Generation Z Michiganders record highest levels of mental distress


GVL / Benjamin Hunt

Amy McNeel, Associate Editor

A DirectCBD study published in December of 2019 found that Michiganders experience some of the highest levels of mental distress in the country. The data was collected from the Behavioral Risk Factor Surveillance System (BRFSS) by the Center for Disease Control (CDC).

“In the survey, respondents indicate how many days of poor mental health they have experienced in the last 30 days,” said DirectCBD creative team member Tyler Burchett. “So anyone who indicated that they experienced at least one day of poor mental health within the last 30 days, we categorize as mentally distressed for the purpose of this project.”

Burchett defined mental distress as a day of poor mental health, and the phrase can be used as an umbrella term for people experiencing stress, depression, anxiety and more.

While rates are rather high across the board, Generation Z Michiganders recorded above average rates of mental distress. According to the study, Generation Z respondents in Michigan recorded the highest rate of mental distress in the country, with a rate of 64.4 percent. This rate is almost ten percent higher than the national Generation Z average of 54.8 percent.

Generation Z defines those born in the late 1990s and early 2000s, thus making up a majority of students at Grand Valley State University. There are many hypotheses for why younger generations are experiencing higher levels of mental distress, one of which is the role of technology.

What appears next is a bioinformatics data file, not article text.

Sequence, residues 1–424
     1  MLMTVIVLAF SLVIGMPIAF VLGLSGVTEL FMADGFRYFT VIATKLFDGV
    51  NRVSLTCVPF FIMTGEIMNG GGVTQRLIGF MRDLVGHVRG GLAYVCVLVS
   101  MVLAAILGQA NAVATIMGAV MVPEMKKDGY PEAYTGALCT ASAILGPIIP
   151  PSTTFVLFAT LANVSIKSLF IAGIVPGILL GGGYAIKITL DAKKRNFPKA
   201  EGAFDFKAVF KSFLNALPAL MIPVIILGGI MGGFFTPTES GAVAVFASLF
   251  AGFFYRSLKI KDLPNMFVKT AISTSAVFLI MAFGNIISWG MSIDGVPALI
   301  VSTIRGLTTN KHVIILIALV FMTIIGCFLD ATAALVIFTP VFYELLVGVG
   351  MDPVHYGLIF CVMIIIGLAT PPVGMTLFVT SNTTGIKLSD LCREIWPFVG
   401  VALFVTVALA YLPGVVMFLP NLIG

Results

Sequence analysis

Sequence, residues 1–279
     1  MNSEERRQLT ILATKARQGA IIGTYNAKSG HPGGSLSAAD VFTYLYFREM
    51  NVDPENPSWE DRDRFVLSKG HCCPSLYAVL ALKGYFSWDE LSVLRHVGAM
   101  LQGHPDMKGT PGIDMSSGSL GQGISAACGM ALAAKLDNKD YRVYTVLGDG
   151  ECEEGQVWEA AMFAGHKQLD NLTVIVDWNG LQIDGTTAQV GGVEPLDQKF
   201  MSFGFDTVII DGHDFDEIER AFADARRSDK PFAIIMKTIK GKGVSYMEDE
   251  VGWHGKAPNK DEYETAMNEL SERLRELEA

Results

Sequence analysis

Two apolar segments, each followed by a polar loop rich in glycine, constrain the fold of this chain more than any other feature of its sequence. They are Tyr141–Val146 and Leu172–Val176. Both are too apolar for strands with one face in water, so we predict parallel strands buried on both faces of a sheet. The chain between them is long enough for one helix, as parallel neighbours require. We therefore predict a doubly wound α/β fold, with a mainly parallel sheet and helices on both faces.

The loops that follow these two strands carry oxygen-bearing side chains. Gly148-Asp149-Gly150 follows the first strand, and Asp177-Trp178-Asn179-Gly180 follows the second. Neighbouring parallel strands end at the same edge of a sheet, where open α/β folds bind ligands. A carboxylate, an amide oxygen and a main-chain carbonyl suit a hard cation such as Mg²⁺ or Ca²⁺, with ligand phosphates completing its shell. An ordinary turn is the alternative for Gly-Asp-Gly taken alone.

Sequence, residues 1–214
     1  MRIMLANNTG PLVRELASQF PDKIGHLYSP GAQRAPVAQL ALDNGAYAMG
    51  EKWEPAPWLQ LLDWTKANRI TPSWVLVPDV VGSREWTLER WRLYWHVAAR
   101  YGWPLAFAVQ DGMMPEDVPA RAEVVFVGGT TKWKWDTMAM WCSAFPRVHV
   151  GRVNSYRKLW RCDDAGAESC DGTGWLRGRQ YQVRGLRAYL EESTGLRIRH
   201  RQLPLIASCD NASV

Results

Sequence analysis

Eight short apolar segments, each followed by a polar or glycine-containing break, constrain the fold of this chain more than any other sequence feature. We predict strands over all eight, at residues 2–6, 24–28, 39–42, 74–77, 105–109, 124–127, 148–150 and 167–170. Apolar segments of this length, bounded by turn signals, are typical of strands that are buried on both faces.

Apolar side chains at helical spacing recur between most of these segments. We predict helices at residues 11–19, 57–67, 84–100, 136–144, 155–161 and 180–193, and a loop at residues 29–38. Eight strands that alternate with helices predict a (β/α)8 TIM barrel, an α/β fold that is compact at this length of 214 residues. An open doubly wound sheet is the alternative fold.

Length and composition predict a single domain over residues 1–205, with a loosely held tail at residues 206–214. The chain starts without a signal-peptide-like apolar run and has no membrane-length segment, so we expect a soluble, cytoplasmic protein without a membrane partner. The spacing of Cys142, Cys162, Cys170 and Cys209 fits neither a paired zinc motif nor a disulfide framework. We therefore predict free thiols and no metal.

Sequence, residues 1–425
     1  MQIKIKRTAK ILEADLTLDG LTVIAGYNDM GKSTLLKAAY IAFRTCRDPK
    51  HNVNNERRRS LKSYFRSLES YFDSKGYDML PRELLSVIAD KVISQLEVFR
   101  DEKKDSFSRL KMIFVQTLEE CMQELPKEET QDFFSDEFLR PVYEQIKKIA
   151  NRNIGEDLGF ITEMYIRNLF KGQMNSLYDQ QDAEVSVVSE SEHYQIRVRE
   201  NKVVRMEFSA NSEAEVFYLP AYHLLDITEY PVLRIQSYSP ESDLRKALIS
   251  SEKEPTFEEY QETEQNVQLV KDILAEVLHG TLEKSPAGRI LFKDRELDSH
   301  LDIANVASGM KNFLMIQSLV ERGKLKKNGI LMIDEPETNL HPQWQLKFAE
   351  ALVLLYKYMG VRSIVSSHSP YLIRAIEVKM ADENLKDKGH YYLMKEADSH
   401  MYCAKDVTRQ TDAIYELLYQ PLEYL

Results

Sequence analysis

“With the Gen Z and the Millennials, they have had constant access to technology and there is a fair amount of data to suggest that we are seeing some victimization online that is different than what we see in person,” said GVSU psychology professor Tara Cornelius. “So I think increasingly we’re sort of noticing at least, an association between mental health symptoms and online use, and it seems like, the data suggests, that it’s not just what folks are encountering online, but also how much time they are spending online and what they are doing when they are online. So, in particular, social media use has been associated with mental health symptoms.”

While the link between technology and mental health is a growing phenomenon, Burchett said it could have to do simply with the nature of growing up.

“Some of the things we speculated is just in general adolescents and young adults always face difficult questions about maturity and identity — you could say it’s part of growing up,” Burchett said. “It is tough to grow up and face those questions about identity and self, and then on top of it there’s the pressures of this generation specifically — with social media, mass shootings, it’s definitely a difficult time to be growing up.”

With many hypotheses being studied surrounding mental health in adolescents, one question still lingers: why do Generation Z respondents in Michigan experience the highest rates of mental distress?

This is a question neither Burchett or Cornelius could answer, and with no literature or data to create a hypothesis, the reasoning remains a mystery.

Although rates may be high for Generation Z people in Michigan, many resources are available to students on campus who are experiencing mental distress.

“I think one of the things GVSU does such a great job at is just that the faculty, staff and administrators are so invested in student success and wellbeing and making sure that there are resources that are devoted to that,” Cornelius said. “There is just a really strong recognition on our campus about how mental health difficulties affects students and how that affects their academic performance.”

Students experiencing mental distress can learn more about the many different resources available at the GVSU University Counseling Center.